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Winter 2020 (Volume 30, Number 4)

Report from the Human Resources Committee

By Jessica Widdifield, PhD; and Claire Barber, MD, PhD, FRCPC

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A sustainable rheumatology workforce is essential to achieving the mission of the CRA. This past year, the Committee has prepared a technical report on the Canadian rheumatology workforce. Several activities were undertaken to develop this working technical report.

First, we ascertained data profiles on the number of rheumatologists, residents, trainees and fellows in Canada using national databases. The quantitative data were derived from four data sources, including the Canadian Medical Association and the Canadian Institute of Health Information Scott’s Medical Database for number of rheumatologists; the Canadian Post-M.D. Education Registry for trainee and fellow counts; and the Canadian Resident Matching Service data for applicants to postgraduate rheumatology training programs. From these data sources, several important rheumatology workforce trends were identified. The first notable trend is the growth in the number of rheumatologists in Canada over the past decade, though overall this fails to meet the target benchmark of 1 rheumatologist per a population of 75,000 (Barber et al., 2014), and rheumatologist distribution is not equal across Canada. Another notable trend is the continued growth in the number of female and foreign-trained rheumatologists entering the workforce. There is also an increasing number of available rheumatology residency positions being offered and fewer unfilled training positions over time. As a result of the increase in available rheumatology residency positions, the numbers of trainees and fellows in adult and pediatric rheumatology training programs have significantly increased between 2000 and 2018 and, as of 2018, there were 82 residents and 27 fellows in Canada. Twenty percent of these were visa trainees (who are expected to return to their country of origin after training).

Second, we further curated the evidence base (via a scoping review) to identify Canadian rheumatology workforce research to examine the extent, range, and nature of research activities related to the rheumatology workforce, and to identify research gaps in the existing literature. Studies evaluating components of Canada’s rheumatology workforce, including the supply, demand, and medical education aspects, have revealed many noteworthy findings. While the overall supply of rheumatologists has increased, changing workforce demographics and other factors may be negatively impacting the clinical capacity to meet the demands of the increasing volume of patients. Increasing early exposure to rheumatology is vital to attracting new trainees to rheumatology. Although there is widespread literature on the Canadian workforce, many fundamental questions remain unanswered, including accurately understanding the current full-time equivalent (FTE) supply and forecasting the future rheumatology workforce supply needs.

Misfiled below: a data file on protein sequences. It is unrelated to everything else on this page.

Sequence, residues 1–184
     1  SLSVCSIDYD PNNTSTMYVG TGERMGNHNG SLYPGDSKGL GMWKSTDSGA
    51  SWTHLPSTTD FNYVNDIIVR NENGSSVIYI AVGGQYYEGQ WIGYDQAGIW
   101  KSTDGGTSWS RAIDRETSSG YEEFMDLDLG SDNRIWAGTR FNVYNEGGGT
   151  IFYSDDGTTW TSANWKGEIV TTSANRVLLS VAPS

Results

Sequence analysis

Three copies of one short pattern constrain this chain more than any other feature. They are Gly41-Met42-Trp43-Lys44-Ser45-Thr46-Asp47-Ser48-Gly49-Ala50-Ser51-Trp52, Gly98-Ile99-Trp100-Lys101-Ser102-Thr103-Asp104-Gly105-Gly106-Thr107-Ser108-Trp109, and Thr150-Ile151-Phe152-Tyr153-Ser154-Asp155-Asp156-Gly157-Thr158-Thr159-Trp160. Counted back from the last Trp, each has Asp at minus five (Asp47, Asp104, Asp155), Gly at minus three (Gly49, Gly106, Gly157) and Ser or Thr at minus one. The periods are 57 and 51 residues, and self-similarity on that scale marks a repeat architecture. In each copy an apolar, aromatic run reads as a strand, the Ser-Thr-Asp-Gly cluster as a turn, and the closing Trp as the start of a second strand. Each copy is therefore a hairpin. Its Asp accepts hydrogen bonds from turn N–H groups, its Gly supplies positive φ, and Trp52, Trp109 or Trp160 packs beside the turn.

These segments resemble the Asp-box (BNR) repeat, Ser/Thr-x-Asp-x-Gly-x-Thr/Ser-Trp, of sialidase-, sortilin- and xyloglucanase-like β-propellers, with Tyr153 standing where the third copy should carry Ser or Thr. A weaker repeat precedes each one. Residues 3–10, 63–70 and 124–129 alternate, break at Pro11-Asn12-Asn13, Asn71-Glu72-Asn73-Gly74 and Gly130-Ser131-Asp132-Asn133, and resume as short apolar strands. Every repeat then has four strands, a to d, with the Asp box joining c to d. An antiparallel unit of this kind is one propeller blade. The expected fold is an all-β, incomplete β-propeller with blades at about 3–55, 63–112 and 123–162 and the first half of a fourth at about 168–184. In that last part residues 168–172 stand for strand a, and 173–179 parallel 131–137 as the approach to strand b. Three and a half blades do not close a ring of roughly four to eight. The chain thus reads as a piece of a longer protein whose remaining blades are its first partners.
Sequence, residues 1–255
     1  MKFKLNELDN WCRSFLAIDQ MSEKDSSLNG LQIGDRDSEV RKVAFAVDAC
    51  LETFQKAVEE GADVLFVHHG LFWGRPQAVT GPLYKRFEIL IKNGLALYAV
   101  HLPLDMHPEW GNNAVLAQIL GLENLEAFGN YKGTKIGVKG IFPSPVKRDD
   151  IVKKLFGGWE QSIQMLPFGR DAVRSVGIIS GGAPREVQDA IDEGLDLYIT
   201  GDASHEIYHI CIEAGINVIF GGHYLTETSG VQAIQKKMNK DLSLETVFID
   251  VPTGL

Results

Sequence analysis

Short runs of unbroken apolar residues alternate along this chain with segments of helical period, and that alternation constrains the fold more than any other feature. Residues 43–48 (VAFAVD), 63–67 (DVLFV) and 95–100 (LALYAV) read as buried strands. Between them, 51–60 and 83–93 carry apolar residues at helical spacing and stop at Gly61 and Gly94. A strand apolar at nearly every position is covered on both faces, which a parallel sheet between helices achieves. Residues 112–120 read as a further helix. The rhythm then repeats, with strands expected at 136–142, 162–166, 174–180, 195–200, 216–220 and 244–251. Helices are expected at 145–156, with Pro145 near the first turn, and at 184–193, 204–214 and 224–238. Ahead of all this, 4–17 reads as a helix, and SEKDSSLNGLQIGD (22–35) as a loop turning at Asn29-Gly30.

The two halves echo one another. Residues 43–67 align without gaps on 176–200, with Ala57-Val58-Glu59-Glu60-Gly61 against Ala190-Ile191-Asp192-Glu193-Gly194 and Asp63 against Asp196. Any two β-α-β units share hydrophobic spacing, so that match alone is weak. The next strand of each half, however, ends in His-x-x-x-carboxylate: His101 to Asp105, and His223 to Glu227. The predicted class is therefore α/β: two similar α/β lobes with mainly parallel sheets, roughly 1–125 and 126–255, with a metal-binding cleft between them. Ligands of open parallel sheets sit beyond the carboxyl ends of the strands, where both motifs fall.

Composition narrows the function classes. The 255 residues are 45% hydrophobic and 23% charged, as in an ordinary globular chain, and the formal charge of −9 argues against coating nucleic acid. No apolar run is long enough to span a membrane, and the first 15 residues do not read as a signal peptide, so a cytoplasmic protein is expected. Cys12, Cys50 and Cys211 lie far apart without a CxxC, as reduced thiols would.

Third, we conducted an environmental scan to identify current rheumatology evidence-based clinical practice guidelines or recommendations that specifically state the role for rheumatologists in the care of patients with rheumatic and musculoskeletal diseases (RMDs). Twenty-five national and regional guidelines for RMDs were reviewed. Eleven guidelines and two white papers contained 21 recommendations describing the central role for rheumatologists in the care of patients with rheumatic diseases. However, only three Canadian guidelines explicitly stated the role of rheumatologists in the care of RMDs.

The workforce technical report (which will be posted on the CRA website [rheum.ca/about-us/leadership-committees/ human-resources-committee/] in early 2021) was undertaken to inform the CRA’s Workforce Position Statements (currently being prepared by the Committee).

Finally, the launch of the 2020 Rheumatology Workforce and Wellness Survey was delayed until Fall 2020. This new launch timeline has permitted the addition of questions to better understand the impact of the pandemic on rheumatology practices including the use of virtual care. All rheumatologists are encouraged to complete the electronic survey being distributed by the CRA via email to CRA members.

References:
Barber C, Marshall D, Mosher D, et. al. Developing System-Level Performance Measures for Evaluation of Models of Care for Inflammatory Arthritis Framework. 2014. Retrieved from www.arthritisalliance.ca/images/PDF/Final%20Background%20MOC_Nov6.pdf

Jessica Widdifield, PhD
Co-chair, CRA Human Resources Committee
Scientist,
Sunnybrook Research Institute, ICES
Assistant Professor, University of Toronto,
Institute of Health Policy, Management & Evaluation
Toronto, Ontario

Claire Barber, MD, PhD, FRCPC
Co-chair, CRA Human Resources Committee
Assistant Professor, Rheumatologist,
University of Calgary, Calgary, Alberta



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